Articles, Blog

Does Hot Water Freeze Faster Than Cold Water?

November 10, 2019

Intro 🎵 Here’s a scientific mystery for you: Does
hot water freeze faster than cold water? The answer is: We don’t know. You’re probably thinking, how can we not
know? I mean, we’ve all got water. Most of us have a freezer. This seems like a pretty simple experiment. Well you’re right, it is. It also isn’t. The experiment has been performed by brilliant people all over the world. And in those experiments, sometimes hot water freezes faster than cold water. And sometimes it doesn’t. And either way, the results of the experiment are not reproducible. The observation that hot water will freeze
faster than cold water is called the Mpemba Effect. It’s named after Erasto Mpemba, who noticed the effect in 1963 when he was just thirteen years old and making ice cream with his classmates. He noticed that the ice cream mixture made with hot milk froze faster than the mixture made with cold milk. However, he wasn’t the first person to make this claim. Aristotle said the same thing in the year 4 BCE. Just, you know, not about ice cream. René Descartes and Francis Bacon also believed that hot water froze faster than cold water. But scientists aren’t convinced that the
Mpemba Effect is actually a thing. Here’s the problem. When you have any two samples of water that’s just ordinary tap water, one of them will always freeze first. That’s because the mixture of impurities in the water will be slightly different. The differences in the composition, size, and position of those impurities can make the freezing point of water vary by several degrees. Hot tap water will freeze before cold distilled water if you control for all other conditions because the impurities in the tap water mean that it just freezes at a higher temperature. So in that case, the hot water does freeze first, but not because it’s hot. If the Mpemba Effect is a thing, and warmer water really does freeze faster, there are a lot of theories for why that might happen. Evaporation is the simplest and probably the best one. Some of the hot water will evaporate as it cools, meaning there’s just less water to freeze, so it doesn’t take as much time. But the Mpemba Effect has been observed while using sealed containers, which prevented evaporated water from escaping. Other researchers who have looked into the Mpemba Effect claim is has to do with convection currents, the way the water moves around as it heats. Or covalent bonds. Or how hot water holds less dissolved gas, which maybe does… something. They’re not really sure. Want to test it yourself? Stick some water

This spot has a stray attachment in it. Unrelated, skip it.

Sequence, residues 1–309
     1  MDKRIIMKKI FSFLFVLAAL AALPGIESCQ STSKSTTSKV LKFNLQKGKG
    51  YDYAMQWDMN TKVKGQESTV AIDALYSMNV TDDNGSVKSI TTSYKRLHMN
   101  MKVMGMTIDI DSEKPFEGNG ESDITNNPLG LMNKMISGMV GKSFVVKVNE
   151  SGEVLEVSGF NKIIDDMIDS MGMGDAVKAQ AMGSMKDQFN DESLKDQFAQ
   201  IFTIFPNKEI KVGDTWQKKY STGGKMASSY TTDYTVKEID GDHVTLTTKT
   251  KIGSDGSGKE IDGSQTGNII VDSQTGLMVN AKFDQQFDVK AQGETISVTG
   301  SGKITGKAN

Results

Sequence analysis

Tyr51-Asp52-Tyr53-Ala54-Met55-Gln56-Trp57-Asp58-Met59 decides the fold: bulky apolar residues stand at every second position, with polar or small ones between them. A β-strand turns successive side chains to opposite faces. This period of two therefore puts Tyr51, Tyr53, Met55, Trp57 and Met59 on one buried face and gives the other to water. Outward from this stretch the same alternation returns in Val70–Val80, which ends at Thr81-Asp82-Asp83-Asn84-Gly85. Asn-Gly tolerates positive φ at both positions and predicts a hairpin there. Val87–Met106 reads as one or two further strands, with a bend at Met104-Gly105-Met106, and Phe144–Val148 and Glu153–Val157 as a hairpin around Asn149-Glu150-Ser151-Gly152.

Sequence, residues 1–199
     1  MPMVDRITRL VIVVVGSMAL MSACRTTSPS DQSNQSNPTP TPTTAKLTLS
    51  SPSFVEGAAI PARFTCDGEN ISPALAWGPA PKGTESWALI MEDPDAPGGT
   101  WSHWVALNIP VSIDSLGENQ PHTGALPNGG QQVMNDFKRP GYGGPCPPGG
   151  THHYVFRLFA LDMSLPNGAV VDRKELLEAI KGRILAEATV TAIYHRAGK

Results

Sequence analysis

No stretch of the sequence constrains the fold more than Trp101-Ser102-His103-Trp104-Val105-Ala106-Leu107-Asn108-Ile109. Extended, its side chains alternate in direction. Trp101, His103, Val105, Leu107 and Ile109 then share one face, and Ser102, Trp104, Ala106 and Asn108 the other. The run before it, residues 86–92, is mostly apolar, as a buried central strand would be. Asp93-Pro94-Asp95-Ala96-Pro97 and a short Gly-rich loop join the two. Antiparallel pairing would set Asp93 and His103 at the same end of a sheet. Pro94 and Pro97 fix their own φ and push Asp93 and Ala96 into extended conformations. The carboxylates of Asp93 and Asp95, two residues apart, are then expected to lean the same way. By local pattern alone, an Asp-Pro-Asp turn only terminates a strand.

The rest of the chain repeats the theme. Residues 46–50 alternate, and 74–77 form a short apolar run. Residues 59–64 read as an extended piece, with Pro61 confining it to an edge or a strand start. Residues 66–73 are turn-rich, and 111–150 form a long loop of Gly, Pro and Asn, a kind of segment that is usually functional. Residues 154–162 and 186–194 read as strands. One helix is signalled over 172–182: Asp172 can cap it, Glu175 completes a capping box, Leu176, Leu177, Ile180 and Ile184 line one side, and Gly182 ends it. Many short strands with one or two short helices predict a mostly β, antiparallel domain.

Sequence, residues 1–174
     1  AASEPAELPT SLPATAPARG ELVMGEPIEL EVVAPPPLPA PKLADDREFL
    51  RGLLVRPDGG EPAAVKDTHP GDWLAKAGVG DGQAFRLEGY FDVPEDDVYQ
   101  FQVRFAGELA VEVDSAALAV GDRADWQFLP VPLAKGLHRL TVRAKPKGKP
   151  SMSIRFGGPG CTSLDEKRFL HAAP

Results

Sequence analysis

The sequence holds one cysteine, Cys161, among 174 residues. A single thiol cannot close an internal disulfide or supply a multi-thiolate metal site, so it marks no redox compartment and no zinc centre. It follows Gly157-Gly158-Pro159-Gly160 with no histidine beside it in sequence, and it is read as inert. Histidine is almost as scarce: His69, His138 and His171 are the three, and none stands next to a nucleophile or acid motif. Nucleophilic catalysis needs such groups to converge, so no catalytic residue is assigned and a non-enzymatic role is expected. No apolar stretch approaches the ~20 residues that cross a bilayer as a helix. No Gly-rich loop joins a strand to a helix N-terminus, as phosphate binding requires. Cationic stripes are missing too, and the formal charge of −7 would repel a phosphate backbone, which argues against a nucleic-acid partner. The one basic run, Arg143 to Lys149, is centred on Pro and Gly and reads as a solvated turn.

in your freezer and see if you notice something weird. Who knows, maybe you’ll get an effect named after you. Thanks for asking, and thanks to all of our
patrons on Patreon who keep these answers coming. If you’d like to submit questions to be answered, or get these Quick Questions a few days before everyone else, go to And don’t forget to go to and subscribe! Outro 🎵

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  • Reply Vae Victis July 8, 2016 at 7:47 am

    who knows maybe you'll get an effect named after u lol

  • Reply Viet Nguyen July 11, 2016 at 11:40 pm

    No matter what video I watch, what research I study, what book or forums I read, no one talks about the exact temperature of the waters they used. It's always "hot" water but never how hot, nor hold cold.

  • Reply Michael Furtado July 12, 2016 at 6:34 pm

    Logically speaking wouldn't hot water HAVE to freeze slower than cold water. If you're freezing hot water, it will eventually become cold water but by now, time would have past and the originally cold water would be more frozen than the hot water would be. Continue this pattern and the cold water will have to be more frozen than hot water.

    Correct me if I'm wrong because I'm genuinely curious.

  • Reply eventhorizon July 14, 2016 at 4:21 am